Thursday, September 4, 2008

Featured Doctor: Lucy Everett

Lucy Everett, MD
Lucy Everett, MD

As chief of the Division of Pediatric Anesthesia, Lucy Everett, MD, shares her passion for children within both the Department of Anesthesia and Critical and across the broader MassGeneral Hospital for Children.

Dr. Everett spends much of her time in the clinical, administrative and educational arenas. Her efforts in the educational arena involve mentoring at a variety of student levels. She is a premedical advisor and has student observers through the shadowing program at MIT. This year, Dr. Everett is advising seven third-year medical students as a longitudinal mentor for Harvard Medical School.

"I'm hoping to convince our students that anesthesia is a cool field," she said.

Dr. Everett serves as a senior oral examiner for the American Board of Anesthesiology, and is also coordinating the Ambulatory Anesthesia track at the American Society of Anesthesiologists annual meeting in 2009.

One of Dr. Everett's current projects includes leading a task force which is developing an outcomes database for outpatient anesthesia cases through the Society for Ambulatory Anesthesia. The project will attempt to allow individual centers to compare their data against national benchmarks.

"We're looking at the right set of data to be collecting, while considering confidentiality," she said.

Part of the challenge, according to Dr. Everett, is determining which data to include, or "how to get information that you think is useful without being burdensome to the people who collect that data," she said.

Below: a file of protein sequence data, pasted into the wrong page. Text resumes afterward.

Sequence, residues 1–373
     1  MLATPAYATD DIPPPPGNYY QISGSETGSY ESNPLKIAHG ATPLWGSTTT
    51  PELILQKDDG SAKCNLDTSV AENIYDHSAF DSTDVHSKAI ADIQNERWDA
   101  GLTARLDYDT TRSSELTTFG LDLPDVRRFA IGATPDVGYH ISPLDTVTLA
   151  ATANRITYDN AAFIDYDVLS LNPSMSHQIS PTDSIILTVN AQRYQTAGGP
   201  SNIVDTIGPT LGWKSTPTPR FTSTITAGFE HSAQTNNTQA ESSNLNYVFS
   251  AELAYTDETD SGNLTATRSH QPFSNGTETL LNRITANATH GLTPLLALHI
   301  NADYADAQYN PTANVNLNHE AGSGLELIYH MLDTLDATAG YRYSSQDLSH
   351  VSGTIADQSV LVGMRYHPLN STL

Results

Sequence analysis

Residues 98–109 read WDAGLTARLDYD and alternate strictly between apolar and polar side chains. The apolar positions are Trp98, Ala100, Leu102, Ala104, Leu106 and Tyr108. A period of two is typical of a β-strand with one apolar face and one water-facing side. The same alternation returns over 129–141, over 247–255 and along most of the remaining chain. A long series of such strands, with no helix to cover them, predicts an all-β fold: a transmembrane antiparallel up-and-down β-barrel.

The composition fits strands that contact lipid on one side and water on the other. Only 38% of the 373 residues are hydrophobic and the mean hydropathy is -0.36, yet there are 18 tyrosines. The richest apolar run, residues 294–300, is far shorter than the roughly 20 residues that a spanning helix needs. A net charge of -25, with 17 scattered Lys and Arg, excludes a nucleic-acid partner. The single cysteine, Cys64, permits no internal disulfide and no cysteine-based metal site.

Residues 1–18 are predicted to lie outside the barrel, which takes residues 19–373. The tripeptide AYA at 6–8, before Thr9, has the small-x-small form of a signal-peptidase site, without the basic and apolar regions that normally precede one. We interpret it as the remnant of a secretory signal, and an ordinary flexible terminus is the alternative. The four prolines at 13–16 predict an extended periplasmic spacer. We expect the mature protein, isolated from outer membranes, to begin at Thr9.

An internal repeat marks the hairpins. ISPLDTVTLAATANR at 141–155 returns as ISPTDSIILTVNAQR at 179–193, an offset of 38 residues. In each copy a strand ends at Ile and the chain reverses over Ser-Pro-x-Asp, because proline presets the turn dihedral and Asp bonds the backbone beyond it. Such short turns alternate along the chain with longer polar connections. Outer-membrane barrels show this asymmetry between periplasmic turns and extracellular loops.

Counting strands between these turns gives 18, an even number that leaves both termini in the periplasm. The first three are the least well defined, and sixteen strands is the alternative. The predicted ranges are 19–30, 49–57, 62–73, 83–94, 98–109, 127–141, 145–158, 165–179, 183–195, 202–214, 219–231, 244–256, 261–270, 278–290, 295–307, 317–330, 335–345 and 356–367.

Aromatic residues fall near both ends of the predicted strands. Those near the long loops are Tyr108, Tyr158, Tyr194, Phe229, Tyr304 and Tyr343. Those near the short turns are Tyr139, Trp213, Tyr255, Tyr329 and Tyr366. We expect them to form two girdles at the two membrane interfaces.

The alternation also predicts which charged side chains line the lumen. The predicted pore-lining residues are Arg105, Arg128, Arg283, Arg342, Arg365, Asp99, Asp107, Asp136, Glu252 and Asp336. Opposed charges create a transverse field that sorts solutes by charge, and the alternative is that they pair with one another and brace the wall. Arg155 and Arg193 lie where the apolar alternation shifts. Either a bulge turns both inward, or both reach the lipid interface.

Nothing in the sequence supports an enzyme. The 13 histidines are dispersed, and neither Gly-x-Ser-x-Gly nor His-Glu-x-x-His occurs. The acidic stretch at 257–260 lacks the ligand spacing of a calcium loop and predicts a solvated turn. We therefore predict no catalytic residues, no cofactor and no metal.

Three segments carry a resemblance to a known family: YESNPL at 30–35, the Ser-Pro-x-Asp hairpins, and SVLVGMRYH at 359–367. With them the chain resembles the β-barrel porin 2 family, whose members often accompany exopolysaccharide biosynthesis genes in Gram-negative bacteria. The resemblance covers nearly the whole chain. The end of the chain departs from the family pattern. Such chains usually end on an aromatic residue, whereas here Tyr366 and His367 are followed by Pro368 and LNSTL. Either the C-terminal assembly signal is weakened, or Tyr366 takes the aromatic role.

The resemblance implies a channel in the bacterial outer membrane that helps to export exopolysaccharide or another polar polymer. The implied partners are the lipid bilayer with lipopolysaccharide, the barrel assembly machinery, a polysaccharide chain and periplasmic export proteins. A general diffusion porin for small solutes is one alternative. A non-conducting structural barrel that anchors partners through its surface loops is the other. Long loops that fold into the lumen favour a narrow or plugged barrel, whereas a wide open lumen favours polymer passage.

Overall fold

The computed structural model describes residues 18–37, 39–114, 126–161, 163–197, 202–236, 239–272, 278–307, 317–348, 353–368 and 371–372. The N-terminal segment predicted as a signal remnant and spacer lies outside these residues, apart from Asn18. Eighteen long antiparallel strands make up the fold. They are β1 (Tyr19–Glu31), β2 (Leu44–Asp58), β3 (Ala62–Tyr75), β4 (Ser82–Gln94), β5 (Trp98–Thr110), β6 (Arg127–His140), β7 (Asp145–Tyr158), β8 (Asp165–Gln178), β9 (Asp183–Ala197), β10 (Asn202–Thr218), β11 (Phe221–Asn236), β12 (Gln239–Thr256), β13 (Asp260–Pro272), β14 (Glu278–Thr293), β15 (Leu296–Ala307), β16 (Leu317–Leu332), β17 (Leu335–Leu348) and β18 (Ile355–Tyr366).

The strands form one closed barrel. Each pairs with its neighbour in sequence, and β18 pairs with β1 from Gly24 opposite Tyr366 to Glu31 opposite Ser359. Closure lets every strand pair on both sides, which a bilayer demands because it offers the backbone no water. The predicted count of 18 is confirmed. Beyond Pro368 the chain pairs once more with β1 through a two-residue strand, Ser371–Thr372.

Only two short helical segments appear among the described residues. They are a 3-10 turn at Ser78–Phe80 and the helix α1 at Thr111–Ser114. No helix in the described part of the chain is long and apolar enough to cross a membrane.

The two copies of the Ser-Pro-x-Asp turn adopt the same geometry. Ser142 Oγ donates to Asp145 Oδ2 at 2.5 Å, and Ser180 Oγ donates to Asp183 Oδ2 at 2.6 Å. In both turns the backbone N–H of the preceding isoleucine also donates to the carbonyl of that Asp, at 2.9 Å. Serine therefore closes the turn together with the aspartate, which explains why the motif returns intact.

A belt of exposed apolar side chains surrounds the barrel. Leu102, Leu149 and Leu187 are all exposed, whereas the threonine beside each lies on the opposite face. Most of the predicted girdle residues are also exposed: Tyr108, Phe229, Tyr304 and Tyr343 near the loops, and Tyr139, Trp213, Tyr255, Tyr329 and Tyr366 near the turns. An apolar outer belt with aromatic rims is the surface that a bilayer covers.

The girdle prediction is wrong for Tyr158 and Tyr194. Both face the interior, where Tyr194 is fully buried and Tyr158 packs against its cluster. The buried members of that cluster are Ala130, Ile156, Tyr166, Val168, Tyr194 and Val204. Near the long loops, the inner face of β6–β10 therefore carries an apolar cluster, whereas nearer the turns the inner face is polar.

Dr. Everett received her medical education from the University of Connecticut in 1982. After completing a residency in internal medicine at the Medical College of Virginia, followed by two years of practice in Chicago to pay back public health service obligations, Dr. Everett then completed residency training in anesthesia and pediatric anesthesia.

She returned to anesthesia for several reasons, she said.

"I liked the technical aspect, the fact that things change rapidly, and [that] you have to think on your feet," she said. "You have a short period of time to forge a critical bond with somebody.

"There's a stereotype that anesthesiologists aren't good with people. But you really do have to deal with people, and I like that part of it also," she said.

According to Dr. Everett, a skilled anesthesiologist also needs to pay attention to the process as well as the outcome.

"We have a very good safety record in anesthesia, paying close attention to what could happen and what you need to do to prevent it from happening," she said.

Over the course of her career, through her involvement and advocacy on behalf of children across Mass General and beyond, Dr. Everett appreciates the skills and diversity of Mass General's Department of Anesthesia, Critical Care and Pain Medicine and MassGeneral Hospital for Children.

"We have a great team of pediatric anesthesiologists, and quite a few members of the broader department also provide care to older children," she said.

The pediatric anesthesia team has active basic science and clinical researchers and has had good success in recent years in inspiring Mass General residents to obtain further training in pediatric anesthesia.

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